Two recent experiences have modified my concept about how I interact with the world. I may be an introvert, but that does not mean I cannot thoroughly enjoy being around people for extended periods. I simply need to be mindful of what it takes to ground myself.
An introvert is by definition one who recharges his or her emotional resources in solitude, while extroverts draw energy from being around other people. My introversion may have been complicated by social anxiety—and perhaps that anxiety becomes compounded when solitude and society get out of balance.
People are becoming confused about what it means to be genuinely solitary. Technology provides an onslaught of distraction including imagery, noise and interactivity that make it harder to be alone even in the confinement of our own offices and homes. However, it fails to provide benefits of genuine human connection.
You cannot get sympathy from a television. A phone call or email might connect you with lovers or colleagues but it does not supply the physical aspects of relationship. Meanwhile, these screens and devices increasingly isolate us from people beside us on the street or in the lunch room. We are caught in a nowhere land, neither intimately together nor truly apart.
As a freelance writer I can spend many hours a day communicating with others through my fingertips or phone lines. Then I make dinner to share with my partner while watching an episode of Doctor Who or Two Fat Ladies. Afterward I might wind down the day reading Facebook or playing a computer game that creates an illusion of social interaction and achievement. From morning till night I spend many hours alone but hardly ever apart.
The two recent social experiences I mentioned were the Men’s Spring Knitting Retreat and MagNet2013, Canada’s magazine industry conference. In both cases I spent many long hours in the company of people who shared my passions and ideas about the world. The fellowship was intense, but it didn’t tire me out.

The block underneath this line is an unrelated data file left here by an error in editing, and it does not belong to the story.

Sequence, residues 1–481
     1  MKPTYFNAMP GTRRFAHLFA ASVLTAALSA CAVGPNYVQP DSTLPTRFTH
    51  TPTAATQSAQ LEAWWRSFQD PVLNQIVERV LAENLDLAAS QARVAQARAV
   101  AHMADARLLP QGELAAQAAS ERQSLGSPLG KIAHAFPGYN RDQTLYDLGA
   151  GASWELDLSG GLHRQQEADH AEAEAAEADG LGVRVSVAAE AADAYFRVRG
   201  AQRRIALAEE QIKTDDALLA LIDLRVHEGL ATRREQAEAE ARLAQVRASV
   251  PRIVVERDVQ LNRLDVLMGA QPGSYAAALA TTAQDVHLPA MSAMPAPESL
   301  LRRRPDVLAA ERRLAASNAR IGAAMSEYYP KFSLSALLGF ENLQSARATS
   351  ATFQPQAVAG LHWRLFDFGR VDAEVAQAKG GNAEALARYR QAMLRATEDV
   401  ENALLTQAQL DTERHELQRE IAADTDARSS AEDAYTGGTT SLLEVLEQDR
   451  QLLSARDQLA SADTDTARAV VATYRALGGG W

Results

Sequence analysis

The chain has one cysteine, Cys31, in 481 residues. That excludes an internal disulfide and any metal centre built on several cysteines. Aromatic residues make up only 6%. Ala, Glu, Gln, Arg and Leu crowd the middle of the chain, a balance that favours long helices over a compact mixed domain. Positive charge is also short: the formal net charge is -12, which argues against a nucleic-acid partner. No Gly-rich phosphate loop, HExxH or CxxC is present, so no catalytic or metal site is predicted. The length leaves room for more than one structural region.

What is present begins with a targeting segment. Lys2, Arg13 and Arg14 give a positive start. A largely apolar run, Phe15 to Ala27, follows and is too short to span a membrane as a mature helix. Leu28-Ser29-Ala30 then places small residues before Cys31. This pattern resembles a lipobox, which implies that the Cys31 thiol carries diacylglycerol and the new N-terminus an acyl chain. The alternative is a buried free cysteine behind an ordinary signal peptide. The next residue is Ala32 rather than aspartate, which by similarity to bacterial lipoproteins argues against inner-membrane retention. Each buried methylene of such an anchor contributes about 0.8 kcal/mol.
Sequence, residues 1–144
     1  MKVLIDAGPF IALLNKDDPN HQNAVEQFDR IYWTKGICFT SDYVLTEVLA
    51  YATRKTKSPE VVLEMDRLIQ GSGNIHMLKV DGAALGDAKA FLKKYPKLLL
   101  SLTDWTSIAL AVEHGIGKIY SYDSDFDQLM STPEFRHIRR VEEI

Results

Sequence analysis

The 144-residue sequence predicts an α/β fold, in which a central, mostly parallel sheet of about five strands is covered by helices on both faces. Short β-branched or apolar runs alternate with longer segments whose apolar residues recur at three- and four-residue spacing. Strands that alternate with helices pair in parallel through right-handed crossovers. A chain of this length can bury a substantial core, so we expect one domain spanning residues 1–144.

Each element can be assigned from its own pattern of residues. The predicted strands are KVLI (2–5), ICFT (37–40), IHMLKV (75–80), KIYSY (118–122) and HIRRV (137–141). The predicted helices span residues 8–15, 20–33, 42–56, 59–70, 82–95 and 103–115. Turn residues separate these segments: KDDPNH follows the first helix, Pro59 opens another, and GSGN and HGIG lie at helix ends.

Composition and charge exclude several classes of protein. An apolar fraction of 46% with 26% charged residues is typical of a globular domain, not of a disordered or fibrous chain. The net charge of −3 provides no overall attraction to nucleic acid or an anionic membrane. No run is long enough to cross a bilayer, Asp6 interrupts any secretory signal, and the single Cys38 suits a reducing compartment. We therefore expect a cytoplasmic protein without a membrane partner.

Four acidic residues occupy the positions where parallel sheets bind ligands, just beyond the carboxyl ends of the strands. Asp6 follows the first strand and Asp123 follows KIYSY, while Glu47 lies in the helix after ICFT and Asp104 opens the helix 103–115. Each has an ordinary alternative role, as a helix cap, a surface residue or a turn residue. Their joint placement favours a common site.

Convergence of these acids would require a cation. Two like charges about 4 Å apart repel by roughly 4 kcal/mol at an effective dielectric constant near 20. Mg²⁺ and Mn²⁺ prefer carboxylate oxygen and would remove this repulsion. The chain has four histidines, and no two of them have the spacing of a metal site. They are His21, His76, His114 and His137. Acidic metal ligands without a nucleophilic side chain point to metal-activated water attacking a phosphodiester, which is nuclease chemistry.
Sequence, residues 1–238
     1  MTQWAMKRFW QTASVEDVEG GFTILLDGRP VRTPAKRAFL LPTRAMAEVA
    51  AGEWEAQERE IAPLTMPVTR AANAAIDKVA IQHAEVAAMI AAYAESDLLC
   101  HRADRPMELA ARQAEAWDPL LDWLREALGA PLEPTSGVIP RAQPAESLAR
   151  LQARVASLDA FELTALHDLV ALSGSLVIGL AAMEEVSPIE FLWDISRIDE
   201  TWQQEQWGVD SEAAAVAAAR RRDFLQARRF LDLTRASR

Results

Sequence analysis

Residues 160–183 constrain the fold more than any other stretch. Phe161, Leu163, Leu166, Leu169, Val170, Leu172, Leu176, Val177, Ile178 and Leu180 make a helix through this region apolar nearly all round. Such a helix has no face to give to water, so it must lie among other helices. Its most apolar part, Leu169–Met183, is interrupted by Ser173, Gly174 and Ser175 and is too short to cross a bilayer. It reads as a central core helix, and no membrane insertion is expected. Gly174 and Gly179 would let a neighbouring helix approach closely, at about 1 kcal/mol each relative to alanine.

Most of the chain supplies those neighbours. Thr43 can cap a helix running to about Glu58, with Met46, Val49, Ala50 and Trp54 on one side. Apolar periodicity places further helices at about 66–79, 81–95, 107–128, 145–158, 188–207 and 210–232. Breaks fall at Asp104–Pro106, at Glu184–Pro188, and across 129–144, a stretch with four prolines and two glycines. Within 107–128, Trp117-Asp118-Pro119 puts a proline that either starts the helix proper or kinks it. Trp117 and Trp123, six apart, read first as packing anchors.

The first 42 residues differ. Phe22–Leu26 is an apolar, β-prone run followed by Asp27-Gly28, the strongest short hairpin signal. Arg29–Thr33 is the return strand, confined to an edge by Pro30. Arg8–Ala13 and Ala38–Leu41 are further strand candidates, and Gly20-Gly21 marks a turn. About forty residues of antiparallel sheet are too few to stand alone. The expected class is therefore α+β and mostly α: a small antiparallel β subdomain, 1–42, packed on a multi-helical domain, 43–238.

At MagNet I would return to my room mid-evening excited, anxious to write about my experiences and share them on Facebook or the forums on Freelance Success.
Instead I decided to draw the line. After so much social interaction, my introvert soul deserved a little peace and quiet. So I would knit a couple rows of a scarf while soaking my sick toe. Then I would read myself to sleep.
I felt these simple choices profoundly refreshed me for another day of learning and networking, in a way the social media could not. This is a lesson I want to bring home. Every day I want to make time for genuine solitary pursuits not haunted by social expectations:
- other exercise
- reading (which provides time to reflect in a way other media do not)
- just being still, alone and conscious of my own thoughts
This lesson has a counterpart: that I also need to spend more time outside my home office. Having people around stimulates the mind in unexpected ways. It is hard to build self-confidence without exposure to real interaction. Humans are social creatures. Without others, would we cease to exist?
Thanks to my daughter, Brenna, for the image, which has always evoked for me a sense of perfect solitude.
6 thoughts on “Crowd control for introverts”
Fabulous post Van, from a fellow introvert/.
I particularly liked “Meanwhile, these screens and devices increasingly isolate us from people beside us on the street or in the lunch room. We are caught in a nowhere land, neither intimately together nor truly apart.” Time in the garden or hiking is the only time I’m truly alone and unplugged, and I love and need it. Lately I haven’t been able to get out and away and I’ve not been switching off enough. Thanks for the reminder.
Thanks, Toni. I hope you can manage that time away soon. I’m in the middle of a busy month: lots of work and lots of social contact. Sometimes switching off only takes an hour of doing something quiet before bed, and sometimes that doesn’t seem enough. Good luck!
I love this post. I think there is a lot to be said for activities when it comes to the re-energising of introverts. I can be around people for extended periods of time and depending on what I’m doing I can maintain a pretty decent level of energy. If I’m given the opportunity to get stuck into something, read, solve problems, or just simply ‘be’ with people then it is as good as the quality times of solitude. And there are times, like you say, when I’m on my own, immersed in technology and feel completely and utterly drained at the end of a day. It’s easy to think that it’s all about people, but really the key is stimulation and activity.
Welcome, Andy. I like what you said about being plugged into the kinds of activities that stimulate us. And your website looks fascinating. Thanks for introducing yourself.
Thanks, Van! It’s a pleasure. I really like your blog, some really challenging ideas. Have added you to my RSS feed…no pressure! 🙂
Likewise, I already added your blog to Feedly!